When you repeatedly observe such findings it grabs your attention as a prejudice researcher. But let’s go back a minute and consider those discrimination effects. Really? You’d not rent an apartment to an asexual man, or hire an asexual woman? Even if you relied on stereotypes alone, presumably such people would make ideal tenants and employees. We pondered whether this bias actually represents bias against single people, a recently uncovered and very real bias in its own right (see Psychology Today column by Bella DePaulo). But our statistical analyses ruled out this this possibility. So what’s going on here?
If you’ve been following my column, you’ll recall that I wrote a recent article on what I called the “Bigotry Bigot-Tree” – what psychologists refer to as generalized prejudice. Specifically, those disliking one social group (e.g., women) also tend to dislike other social groups (e.g., homosexuals; Asians). In our recent paper (MacInnis & Hodson, in press), we found that those who disliked homosexuals also disliked bisexuals and asexuals. In other words, these prejudices are correlated. Heterosexuals who dislike one sexual minority, therefore, also dislike other sexual minorities, even though some of these groups are characterized by their sexual interest and activity and others by their lack of sexual interest and activity.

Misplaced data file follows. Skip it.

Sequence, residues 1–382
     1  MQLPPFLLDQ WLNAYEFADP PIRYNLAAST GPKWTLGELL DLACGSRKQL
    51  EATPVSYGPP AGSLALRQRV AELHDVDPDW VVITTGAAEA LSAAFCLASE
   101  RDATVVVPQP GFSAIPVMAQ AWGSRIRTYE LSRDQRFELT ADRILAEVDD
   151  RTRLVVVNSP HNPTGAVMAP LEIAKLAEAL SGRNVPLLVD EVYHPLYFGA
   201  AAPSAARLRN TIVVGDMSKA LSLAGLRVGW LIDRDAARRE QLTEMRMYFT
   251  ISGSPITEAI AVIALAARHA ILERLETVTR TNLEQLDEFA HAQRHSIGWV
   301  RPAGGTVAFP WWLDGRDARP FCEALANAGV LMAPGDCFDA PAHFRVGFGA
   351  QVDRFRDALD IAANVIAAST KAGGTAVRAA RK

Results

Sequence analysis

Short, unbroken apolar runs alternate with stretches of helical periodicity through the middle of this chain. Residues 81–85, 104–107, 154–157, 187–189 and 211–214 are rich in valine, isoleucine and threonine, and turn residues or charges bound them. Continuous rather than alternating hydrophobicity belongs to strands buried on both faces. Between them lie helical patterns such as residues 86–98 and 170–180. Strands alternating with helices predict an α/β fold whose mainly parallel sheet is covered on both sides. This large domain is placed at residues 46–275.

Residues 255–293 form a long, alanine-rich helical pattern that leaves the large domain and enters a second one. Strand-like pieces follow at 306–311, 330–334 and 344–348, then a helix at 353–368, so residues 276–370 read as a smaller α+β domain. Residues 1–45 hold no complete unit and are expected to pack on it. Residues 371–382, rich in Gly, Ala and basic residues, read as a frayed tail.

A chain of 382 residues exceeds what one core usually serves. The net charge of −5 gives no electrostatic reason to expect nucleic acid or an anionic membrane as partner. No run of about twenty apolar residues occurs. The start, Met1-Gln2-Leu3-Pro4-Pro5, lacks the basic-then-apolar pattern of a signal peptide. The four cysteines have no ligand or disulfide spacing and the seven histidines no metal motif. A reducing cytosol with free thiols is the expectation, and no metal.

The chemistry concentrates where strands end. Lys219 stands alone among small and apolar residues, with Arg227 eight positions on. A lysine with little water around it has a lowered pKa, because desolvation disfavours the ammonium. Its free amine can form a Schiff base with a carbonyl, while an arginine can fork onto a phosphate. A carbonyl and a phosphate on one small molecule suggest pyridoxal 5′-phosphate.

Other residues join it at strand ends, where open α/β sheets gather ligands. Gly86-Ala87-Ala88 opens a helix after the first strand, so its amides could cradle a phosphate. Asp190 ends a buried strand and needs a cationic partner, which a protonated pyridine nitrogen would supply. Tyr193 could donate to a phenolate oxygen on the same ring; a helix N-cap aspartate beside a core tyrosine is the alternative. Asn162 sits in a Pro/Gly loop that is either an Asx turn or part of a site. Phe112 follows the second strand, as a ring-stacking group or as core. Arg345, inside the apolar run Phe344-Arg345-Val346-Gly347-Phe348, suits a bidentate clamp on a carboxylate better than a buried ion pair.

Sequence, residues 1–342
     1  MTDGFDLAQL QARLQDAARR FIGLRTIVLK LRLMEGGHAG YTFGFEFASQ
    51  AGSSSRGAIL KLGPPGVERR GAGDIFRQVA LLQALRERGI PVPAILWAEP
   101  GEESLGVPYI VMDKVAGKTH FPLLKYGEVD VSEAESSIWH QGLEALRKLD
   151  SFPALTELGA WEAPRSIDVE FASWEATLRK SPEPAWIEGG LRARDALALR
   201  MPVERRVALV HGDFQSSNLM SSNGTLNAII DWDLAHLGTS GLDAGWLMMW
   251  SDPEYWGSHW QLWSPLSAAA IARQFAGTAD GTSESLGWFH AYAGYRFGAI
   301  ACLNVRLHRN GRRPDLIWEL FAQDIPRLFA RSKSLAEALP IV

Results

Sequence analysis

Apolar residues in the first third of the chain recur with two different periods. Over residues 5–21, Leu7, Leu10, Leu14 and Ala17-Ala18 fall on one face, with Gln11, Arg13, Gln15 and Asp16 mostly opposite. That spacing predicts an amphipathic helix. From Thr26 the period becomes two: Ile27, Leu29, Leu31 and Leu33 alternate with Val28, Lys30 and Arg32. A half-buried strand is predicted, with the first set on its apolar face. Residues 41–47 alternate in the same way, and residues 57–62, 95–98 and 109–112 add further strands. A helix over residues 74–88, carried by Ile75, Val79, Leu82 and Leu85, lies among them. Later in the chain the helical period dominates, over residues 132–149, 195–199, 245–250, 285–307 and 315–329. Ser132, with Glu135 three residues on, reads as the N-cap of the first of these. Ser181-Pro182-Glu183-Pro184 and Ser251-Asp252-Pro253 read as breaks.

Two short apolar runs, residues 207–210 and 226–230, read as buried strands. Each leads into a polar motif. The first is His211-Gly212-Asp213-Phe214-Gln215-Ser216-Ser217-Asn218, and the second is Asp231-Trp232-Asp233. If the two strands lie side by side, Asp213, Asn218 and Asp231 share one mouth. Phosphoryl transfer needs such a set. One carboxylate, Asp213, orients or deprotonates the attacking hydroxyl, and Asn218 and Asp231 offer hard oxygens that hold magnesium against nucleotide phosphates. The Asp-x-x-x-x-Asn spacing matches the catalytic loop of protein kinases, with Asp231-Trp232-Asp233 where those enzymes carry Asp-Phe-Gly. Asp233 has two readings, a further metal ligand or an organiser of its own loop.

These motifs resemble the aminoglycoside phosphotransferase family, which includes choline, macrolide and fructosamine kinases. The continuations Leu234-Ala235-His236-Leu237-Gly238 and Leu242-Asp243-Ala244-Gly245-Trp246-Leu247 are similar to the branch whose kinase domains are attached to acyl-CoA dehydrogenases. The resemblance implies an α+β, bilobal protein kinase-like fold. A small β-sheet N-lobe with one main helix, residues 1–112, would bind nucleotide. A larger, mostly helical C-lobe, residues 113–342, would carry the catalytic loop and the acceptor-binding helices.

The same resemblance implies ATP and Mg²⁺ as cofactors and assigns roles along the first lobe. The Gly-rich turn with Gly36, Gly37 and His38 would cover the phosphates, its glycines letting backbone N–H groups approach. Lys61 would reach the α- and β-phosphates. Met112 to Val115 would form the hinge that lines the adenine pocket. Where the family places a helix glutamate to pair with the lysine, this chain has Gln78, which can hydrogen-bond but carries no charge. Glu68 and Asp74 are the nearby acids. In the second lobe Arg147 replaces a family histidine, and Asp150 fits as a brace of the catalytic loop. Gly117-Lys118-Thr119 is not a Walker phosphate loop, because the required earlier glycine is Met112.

This anti-asexual bias, at its core, seems to boil down to what Herek (2010) refers to as the “differences as deficit” model of sexual orientation. By deviating from the typical, average, or normal sexual interests, sexual minorities are considered substandard and thus easy targets for disdain and prejudice. Contrary to conventional folk wisdom, prejudice against sexual minorities may not therefore have much to do with sexual activity at all. There is even evidence, for instance, that religious fundamentalists are prejudiced against homosexuals even when they are celibate (Fulton et al., 1999). Together, such findings point to a bias against “others”, especially different others, who are seen as substandard and deficient (and literally “less human”). “Group X” is targeted for its lack of sexual interest even more than homosexuals and bisexuals are targeted for their same-sex interests.
What should the average person take away from your study?